Which leads us nicely on the new development of the Corwen Station. Corwen has been waiting for the re-arrival of the train for a long time. Finally, after many years of hard work by volunteers and the successful completion of the station canopy Levelling Up Fund project, the new station is ready to welcome visitors. Four days of special celebrations will mark the fanfare official opening of the new Corwen station during the first week of June. A highlight will be the arrival of a special steam train carrying coachloads of VIPs along the line from Carrog to see the formal opening ceremony on Friday June 2. Saturday and Sunday will welcome the public with a public gala event, an intensive timetable of services hauled by steam, diesel and railcars over three days, special exhibitions and the unveiling of a special commemorative model. The opening will bring passenger rail services back into the heart of Corwen after a break of many decades. More can be found out about the planned celebrations here.

Image of the new station at Corwen by Terry Pickthall

If you wanted to stretch your legs and get a better view of the town which already has ‘Walkers are Welcome’ status,  why not walk the dagger trail, up to an area called  Sexton where you can cross the stream over ancient stepping stones or  where you can carry on up to Pen Y Pigyn, which gives a great view of Corwen and notice the large objects  left by the giant on his way up.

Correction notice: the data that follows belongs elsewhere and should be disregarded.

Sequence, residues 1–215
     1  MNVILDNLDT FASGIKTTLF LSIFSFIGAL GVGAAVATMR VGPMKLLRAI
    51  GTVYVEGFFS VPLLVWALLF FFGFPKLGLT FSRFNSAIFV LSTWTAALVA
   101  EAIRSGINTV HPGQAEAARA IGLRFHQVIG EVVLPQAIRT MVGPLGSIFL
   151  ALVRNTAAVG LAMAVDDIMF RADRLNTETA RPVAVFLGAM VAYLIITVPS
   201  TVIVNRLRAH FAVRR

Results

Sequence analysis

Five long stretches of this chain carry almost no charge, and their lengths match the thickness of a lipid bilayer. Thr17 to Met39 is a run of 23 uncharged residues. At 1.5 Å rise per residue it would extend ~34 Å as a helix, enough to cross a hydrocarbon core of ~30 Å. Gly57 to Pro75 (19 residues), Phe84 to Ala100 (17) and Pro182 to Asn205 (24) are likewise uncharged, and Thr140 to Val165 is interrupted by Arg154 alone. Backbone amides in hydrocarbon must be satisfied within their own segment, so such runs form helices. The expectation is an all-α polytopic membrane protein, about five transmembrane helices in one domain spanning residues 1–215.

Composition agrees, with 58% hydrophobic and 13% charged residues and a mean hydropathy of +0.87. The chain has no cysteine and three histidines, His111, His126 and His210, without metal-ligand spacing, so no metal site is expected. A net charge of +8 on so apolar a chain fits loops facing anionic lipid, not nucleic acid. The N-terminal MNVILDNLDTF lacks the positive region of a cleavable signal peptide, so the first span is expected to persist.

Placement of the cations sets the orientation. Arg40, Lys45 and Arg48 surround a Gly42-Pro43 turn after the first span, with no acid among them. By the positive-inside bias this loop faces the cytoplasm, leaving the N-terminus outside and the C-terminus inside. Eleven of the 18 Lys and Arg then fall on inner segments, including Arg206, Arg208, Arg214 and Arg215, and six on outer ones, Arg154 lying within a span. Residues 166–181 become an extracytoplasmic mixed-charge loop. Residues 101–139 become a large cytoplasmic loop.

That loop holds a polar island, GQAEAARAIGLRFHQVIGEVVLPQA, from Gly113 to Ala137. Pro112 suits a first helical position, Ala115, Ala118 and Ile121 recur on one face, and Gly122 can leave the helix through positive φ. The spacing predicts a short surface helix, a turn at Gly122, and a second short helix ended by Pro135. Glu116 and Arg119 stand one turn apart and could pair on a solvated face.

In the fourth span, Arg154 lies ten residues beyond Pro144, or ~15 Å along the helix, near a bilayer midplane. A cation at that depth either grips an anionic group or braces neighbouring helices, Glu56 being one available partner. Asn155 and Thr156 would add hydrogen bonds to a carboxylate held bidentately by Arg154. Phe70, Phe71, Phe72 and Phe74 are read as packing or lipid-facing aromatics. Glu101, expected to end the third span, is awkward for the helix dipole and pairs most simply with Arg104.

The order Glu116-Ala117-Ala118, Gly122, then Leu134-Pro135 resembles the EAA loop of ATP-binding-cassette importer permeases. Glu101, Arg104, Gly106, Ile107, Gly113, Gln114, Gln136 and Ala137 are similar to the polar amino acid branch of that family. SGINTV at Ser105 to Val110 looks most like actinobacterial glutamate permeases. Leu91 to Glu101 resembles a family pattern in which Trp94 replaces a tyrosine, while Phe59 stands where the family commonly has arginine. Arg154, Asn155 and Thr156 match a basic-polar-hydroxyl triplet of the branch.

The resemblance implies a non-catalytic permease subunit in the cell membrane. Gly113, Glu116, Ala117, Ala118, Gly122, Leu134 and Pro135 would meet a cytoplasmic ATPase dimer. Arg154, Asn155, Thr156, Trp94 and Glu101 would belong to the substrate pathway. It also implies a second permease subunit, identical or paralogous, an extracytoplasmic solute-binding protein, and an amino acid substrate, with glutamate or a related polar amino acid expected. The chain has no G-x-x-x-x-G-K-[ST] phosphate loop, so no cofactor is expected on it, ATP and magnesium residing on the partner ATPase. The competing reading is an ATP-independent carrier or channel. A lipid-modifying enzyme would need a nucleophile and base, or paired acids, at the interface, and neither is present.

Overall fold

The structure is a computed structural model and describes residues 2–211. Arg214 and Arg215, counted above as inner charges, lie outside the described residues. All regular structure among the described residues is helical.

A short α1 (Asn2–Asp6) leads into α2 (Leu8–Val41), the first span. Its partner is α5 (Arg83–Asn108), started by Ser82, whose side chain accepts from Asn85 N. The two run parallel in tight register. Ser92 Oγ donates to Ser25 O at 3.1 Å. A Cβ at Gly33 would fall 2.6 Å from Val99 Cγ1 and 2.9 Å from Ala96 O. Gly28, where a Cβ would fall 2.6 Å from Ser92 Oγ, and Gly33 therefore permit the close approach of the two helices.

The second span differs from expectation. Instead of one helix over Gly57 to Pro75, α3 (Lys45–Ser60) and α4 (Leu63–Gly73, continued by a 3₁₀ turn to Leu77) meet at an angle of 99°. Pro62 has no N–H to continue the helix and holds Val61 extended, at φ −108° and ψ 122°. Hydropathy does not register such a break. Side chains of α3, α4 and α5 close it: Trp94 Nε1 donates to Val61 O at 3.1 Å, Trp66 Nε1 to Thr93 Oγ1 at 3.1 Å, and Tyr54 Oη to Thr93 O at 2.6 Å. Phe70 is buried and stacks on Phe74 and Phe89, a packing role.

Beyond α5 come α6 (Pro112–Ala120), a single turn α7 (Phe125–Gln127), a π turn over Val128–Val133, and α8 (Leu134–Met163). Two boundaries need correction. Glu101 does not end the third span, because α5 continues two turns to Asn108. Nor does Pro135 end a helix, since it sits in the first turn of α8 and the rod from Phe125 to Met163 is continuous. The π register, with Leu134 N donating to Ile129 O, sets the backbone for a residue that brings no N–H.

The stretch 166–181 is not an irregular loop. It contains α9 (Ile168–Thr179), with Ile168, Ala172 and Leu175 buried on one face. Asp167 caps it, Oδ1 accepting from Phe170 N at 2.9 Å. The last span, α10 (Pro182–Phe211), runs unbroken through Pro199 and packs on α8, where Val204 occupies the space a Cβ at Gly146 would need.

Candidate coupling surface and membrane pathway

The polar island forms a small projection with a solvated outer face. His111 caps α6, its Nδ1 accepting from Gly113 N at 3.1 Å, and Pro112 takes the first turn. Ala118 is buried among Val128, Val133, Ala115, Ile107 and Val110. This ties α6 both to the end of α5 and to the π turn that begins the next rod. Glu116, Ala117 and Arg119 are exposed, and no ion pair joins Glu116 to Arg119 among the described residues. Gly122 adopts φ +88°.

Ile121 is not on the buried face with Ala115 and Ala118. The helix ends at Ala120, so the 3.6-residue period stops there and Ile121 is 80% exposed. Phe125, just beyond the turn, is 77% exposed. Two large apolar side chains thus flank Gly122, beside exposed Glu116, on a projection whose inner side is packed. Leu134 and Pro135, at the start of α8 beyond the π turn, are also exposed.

Pen y Pigyn

If you were feeling very energetic there is a marvellous walk  known as Liberty Hall (an old hunting lodge ruin) which take you up and over the moorland and back into Cynwyd via forests and a waterfall. You can then walk back to Corwen via the old railway line,  now a picturesque walkway adjacent to the magnificent River Dee. You can download the map and trail here.